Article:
This paper aims to explore four disruptions that practice theory makes to traditional social marketing approaches to school physical activity (PA) intervention.
The paper draws on existing literature from sustainable consumption, sociology of health and illness and the authors’ experiences working with primary schools in the UK to plan and execute social marketing approaches to PA, targeting interconnected social practices from which PA emerges or fails to emerge. The paper explores a practice-oriented theoretical framing, engaging with calls from interdisciplinary areas for PA interventions to shape the PA emerging from a school’s everyday routines, rather than promote PA participation at an individual level.
The paper argues first that a practice perspective would focus on situation research rather than audience research, with practices rather than people as the focus. Second, the purpose of practice-oriented social marketing would be to achieve transitions in practices rather than behaviour change. Third, the planning and management approach of practice-oriented social marketing would account for unintended consequences and complex interconnections between practices. Finally, an evolved evaluation approach to practice-oriented social marketing would take a longer term approach to understand how cultural transitions are emerging.
This paper contributes to an important stream of critical social marketing scholarship that seeks to advance social marketing away from its individualist routes. It sets an agenda for further research that considers the ontological and practical possibilities for practice informed approach to social marketing.
Spotswood, F., Wiltshire, G., Spear, S. and Makris, A. (2021), "Disrupting social marketing through a practice-oriented approach", RAUSP Management Journal, Vol. 56 No. 3, pp. 334-347. https://doi.org/10.1108/RAUSP-10-2020-0231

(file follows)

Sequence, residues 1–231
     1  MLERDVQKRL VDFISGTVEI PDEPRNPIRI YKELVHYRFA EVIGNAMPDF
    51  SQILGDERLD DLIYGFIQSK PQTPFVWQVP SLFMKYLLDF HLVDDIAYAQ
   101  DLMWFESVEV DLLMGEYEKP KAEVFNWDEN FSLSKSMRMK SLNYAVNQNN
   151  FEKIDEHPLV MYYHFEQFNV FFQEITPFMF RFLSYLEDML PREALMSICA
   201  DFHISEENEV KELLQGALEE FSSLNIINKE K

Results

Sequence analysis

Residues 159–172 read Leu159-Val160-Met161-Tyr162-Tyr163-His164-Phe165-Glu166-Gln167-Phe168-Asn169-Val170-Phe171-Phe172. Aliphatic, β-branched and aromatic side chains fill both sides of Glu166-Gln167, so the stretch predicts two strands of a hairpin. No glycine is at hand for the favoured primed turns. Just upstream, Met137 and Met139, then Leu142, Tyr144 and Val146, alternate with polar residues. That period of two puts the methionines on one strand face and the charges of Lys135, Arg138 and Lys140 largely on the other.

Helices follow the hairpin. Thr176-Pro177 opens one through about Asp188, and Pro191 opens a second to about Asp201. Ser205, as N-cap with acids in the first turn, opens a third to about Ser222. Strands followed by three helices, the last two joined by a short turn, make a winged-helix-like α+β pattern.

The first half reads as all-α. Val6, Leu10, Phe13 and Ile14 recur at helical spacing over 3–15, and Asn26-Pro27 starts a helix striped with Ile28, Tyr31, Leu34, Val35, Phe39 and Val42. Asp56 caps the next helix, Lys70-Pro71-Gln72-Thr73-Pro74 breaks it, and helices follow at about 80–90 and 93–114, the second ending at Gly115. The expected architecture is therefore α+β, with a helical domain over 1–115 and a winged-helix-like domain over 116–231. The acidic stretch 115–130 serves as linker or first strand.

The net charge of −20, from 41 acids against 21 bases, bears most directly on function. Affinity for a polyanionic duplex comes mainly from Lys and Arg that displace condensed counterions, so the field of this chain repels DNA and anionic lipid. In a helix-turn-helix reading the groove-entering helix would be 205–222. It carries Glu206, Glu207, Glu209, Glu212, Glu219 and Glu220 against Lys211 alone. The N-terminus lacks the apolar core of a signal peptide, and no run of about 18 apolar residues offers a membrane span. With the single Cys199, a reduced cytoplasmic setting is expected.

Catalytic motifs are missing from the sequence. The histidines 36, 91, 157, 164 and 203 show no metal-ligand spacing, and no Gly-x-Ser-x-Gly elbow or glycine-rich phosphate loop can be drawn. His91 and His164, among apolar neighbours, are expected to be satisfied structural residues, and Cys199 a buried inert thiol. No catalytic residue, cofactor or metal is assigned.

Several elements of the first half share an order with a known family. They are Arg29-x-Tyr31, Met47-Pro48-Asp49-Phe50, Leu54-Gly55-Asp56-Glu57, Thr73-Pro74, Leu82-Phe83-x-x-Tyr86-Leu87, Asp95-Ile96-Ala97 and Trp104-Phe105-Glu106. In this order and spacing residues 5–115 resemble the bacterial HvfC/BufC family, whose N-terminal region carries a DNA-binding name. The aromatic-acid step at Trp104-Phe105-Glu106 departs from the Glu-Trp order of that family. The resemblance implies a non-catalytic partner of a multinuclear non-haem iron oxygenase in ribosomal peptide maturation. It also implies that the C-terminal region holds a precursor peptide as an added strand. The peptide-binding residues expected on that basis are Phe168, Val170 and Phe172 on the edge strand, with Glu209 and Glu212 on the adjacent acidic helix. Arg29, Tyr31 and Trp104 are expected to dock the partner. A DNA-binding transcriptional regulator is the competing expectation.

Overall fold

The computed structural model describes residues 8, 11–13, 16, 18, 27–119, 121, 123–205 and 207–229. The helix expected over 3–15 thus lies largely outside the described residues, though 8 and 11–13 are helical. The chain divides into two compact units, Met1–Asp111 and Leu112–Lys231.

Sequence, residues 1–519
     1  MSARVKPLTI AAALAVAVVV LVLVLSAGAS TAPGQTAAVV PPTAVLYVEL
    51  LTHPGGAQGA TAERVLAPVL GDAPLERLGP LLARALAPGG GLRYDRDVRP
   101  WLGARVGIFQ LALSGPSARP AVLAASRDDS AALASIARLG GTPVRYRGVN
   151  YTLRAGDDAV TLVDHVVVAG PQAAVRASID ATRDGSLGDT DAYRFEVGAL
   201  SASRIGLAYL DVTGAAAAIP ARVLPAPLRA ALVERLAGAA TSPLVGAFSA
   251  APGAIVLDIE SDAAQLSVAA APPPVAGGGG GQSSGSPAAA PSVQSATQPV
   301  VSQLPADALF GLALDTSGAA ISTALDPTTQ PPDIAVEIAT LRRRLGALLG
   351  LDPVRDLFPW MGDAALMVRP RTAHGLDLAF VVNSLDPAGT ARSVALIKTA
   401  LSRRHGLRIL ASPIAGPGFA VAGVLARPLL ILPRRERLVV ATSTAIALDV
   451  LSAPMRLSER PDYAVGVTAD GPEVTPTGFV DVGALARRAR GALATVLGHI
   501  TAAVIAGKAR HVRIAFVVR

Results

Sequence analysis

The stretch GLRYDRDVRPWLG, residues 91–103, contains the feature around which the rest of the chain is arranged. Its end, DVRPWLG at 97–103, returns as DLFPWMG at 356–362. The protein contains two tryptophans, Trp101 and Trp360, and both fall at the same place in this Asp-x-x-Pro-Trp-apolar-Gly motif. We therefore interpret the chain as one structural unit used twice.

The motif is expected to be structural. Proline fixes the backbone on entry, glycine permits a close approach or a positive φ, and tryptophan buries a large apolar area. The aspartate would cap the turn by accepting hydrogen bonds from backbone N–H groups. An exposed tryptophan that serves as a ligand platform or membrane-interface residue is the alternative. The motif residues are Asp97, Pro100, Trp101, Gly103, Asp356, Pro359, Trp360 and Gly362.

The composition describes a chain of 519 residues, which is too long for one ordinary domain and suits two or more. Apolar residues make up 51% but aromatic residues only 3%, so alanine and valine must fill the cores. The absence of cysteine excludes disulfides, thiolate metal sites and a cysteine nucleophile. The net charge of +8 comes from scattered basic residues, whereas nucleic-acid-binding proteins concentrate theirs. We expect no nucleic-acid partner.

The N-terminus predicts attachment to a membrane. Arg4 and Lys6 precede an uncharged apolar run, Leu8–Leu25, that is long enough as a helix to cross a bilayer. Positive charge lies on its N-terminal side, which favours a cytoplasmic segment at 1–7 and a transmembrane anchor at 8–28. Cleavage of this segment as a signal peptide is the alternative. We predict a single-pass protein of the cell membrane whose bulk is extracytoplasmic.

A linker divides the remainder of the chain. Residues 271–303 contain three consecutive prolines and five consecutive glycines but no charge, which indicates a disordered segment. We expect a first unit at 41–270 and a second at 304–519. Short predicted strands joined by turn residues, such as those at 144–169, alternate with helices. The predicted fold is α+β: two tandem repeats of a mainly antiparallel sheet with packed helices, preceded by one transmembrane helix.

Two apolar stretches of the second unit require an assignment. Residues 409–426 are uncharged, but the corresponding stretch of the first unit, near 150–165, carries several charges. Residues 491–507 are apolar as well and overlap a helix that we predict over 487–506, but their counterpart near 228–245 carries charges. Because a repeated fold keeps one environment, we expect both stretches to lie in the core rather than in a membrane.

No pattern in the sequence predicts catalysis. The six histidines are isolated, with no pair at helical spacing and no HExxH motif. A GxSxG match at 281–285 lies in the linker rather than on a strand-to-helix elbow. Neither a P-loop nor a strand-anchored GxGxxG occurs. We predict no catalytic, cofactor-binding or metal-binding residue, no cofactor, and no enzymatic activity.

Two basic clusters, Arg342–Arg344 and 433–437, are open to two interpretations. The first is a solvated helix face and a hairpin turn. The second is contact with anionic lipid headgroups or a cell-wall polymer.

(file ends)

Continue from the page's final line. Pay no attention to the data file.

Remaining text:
Emerald Publishing Limited
Copyright © 2021, Fiona Spotswood, Gareth Wiltshire, Sara Spear and Angela Makris.
Published in RAUSP Management Journal. Published by Emerald Publishing Limited. This article is published under the Creative Commons Attribution (CC BY 4.0) licence. Anyone may reproduce, distribute, translate and create derivative works of this article (for both commercial and non-commercial purposes), subject to full attribution to the original publication and authors. The full terms of this licence maybe seen at http://creativecommons.org/licences/by/4.0/legalcode
Social marketing remains an important approach for organising and implementing programmes of intervention seeking to shape the way people act, for the betterment of their own and societal health and well-being (Carins & Rundle-Thiele, 2014; Gordon, Zainuddin, & Magee, 2016). As a body of scholarship, different waves of social marketing contribution have emerged as the field evolved from the earliest implementation case studies. As case study knowledge grew, the definition, scope and domain of social marketing was explored and questioned (Andreasen, 1994, 2002, 2003; Grier & Bryant, 2005). These boundary-making papers have formed a solid basis for the calls for social marketing to innovate (Rundle-Thiele et al., 2019) and to move beyond the rut of consumer-focussed (downstream) approaches (Lefebvre, 2012), for example, by moving upstream (Gordon, 2013), to take a systems approach (Flaherty, Domegan, Duane, Brychkov, & Anand, 2020), to focus on socio-cultural systems (Spotswood & Tapp, 2013; Spotswood, Wiltshire, Spear, Morey, & Harris, 2019) or to overcome barriers at different levels of influence (Fry, Previte, & Brennan, 2017; Wymer, 2011). These calls for innovation draw on a range of theories and have triggered the expansion of how social marketing is defined and understood, to work strategically at the interplay between public, private, community and policy change. For example, Duane and Domegan (2019) explore how the scope for social marketing partnerships has progressed, Kennedy and Parsons (2012) explore the effective use of macro social marketing and social engineering and Gurrieri, Gordon, Barraket, Joyce, and Green (2018) draw on activist models of social change to extend the influence of social marketing in social change management.